Plastic pollution has rapidly become one of the biggest issues of recent years, with many now trying to significantly reduce their plastic waste.
Millions of tonnes of plastic find their way into the ocean every year, creating a garbage patch in the Pacific twice the size of Texas. The UK alone goes through an estimated 3.7 million tonnes of plastic a year and in 2015 only a third of this was recycled.
Plastic products can take over 400 years to decompose and as they do the plastic particles left behind continue to cause damage. Hundreds of thousands of these microparticles enter the food chain every year which, along with any toxic chemicals attached to them.
A new report by the Green Alliance has shown the clear issues in how supermarkets and brands are responding to the customer demand for less plastic. Often alternatives such as glass, metal and paper have a much higher carbon footprint, particularly if they are still single-use items.
The report detailed, for instance, that the paper bags often used instead of plastic ones in supermarket bakery aisles are just as quickly disposed of, but producing them uses four times as much energy.
Morrison’s has chosen to replace it’s plastic grocery bags with paper alternatives, but these would have to be used 43 times to beat a plastic counterpart on lower environmental impact.
This may even present a reverse trend as in recent years many consumers, encouraged by the 5p charges, had begun to move to reusing their plastic shopping bags and may immediately think that they don’t need to do the same with a paper alternative.
The Green Alliance report showed a worrying tendency for supermarkets and other manufacturers to not fully consider and assess the environmental impact of plastic alternatives and instead opt for knee jerk removal.
It is shocking how quickly plastic became an everyday staple in the modern world. In the little over 100 years it has existed it’s presence has seeped into almost every minute of our lives.
It was only in the 1950s that plastic really started to take off. With a rapidly growing consumer culture, it is easy to see the attraction of this material.
It’s lightweight but durable, easy to clean, flexible (making its uses almost endless) and, above all, relatively inexpensive to produce.
When we look at the products we will use over and over again these virtues shine out. A hardy set of reusable containers could last a family their whole lifetime, and even be passed through generations if well cared for, although these cheap products are rarely seen as a family heirloom in the same way that a glass bowl might be.
This is part of plastic’s problem. The cheap material is not readily made into cherishable items and instead creates mounds of highly durable tat that is disposed of without a second thought.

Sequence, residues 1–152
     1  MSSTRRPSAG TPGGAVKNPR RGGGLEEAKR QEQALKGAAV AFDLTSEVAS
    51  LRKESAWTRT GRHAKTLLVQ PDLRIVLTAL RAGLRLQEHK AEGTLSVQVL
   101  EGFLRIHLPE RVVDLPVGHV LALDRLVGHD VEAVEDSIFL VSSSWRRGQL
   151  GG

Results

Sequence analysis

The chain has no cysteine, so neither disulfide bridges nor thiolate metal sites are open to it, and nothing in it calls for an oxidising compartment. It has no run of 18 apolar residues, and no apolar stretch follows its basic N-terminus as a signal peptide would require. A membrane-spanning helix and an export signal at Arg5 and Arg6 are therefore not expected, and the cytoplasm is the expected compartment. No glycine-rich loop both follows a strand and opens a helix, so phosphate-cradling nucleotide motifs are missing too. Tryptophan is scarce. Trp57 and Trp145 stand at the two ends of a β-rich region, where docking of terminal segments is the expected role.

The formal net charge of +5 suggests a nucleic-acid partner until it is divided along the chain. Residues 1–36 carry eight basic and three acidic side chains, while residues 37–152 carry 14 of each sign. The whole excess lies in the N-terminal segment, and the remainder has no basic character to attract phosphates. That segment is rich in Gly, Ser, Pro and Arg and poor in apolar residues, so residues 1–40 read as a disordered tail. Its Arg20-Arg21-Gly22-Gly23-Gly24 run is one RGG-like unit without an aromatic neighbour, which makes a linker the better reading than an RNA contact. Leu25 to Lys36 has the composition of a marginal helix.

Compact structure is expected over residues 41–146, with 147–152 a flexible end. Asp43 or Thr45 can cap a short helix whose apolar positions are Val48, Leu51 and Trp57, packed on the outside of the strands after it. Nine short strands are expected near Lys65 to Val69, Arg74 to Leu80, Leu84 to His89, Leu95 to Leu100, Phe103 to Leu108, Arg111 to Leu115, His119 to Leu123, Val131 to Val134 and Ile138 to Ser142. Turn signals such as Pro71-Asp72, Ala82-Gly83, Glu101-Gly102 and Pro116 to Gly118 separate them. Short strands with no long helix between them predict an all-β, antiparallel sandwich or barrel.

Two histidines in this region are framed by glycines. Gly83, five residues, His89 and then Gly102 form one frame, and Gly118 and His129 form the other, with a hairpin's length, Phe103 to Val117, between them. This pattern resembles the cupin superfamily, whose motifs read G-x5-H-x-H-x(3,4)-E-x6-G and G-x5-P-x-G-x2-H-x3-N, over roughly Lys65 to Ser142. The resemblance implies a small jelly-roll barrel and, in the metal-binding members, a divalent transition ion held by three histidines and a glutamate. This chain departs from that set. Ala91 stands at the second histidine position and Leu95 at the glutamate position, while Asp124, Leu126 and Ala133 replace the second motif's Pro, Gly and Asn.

There are, however, ways for plastic to be positively used and this presents our second problem with plastic: our complete aversion to the stuff.
In the last few weeks, around 7 million real Christmas trees will have been disposed of in the UK. Although there are environmentally friendly methods of doing this, it is a sad fact that many of these trees will end up in landfill.
If you buy an artificial tree it will take only 10 years of use for it to be less carbon intensive than it’s soil-grown cousin and a good quality artificial tree can easily last a family for decades.
While there are clearly reusable and durable products which utilise the benefits of plastic, the more significant issue is the single use, disposable plastics which are currently choking the oceans.
However, there still needs to be a level of scrutiny of the alternatives offered. Bamboo coffee cups, for instance, quickly became a popular alternative to disposable cups which nearly always come with a plastic lid and coating on the cup.
These bamboo cups are supposedly made from a sustainable alternative, however, the bamboo fibres are held together by a plastic glue. The glue is not intended to be exposed to high temperatures, and the boiling water needed to make your favourite hot beverage means that hazardous plastic particles are being released into the drink.
As well as being bad for health, these cups are often not so easily disposed of as the manufacturers claim. It is difficult to separate the bamboo fibre and the glue when it comes to recycling. Instead, it is likely the cup will end up as another product in landfill.
The issue with our plastic use and with popular alternatives stem from the same impulse towards easy solutions.
Consumers need to reconsider whether plastic is always the enemy but overall live by the mantra of reduce, reuse, repair, and, finally, recycle.
Market-based solutions will struggle, as it is our massive consumption habits which are the root issue and the cheapest solutions will likely not be the best. The Green Alliance noted that there have been calls for more government intervention on plastic waste as well as a more holistic approach to material use.
To truly fix our addiction to plastic we are going to have to avoid the easy answers. Like all aspects of the environmental crisis, the solutions are going to be difficult and require significant change to our way of living but they are out there and becoming increasingly accessible.
Liz Lee Reynolds is a freelance writer focussing on place and the environment. She tweets @LizzieeLR.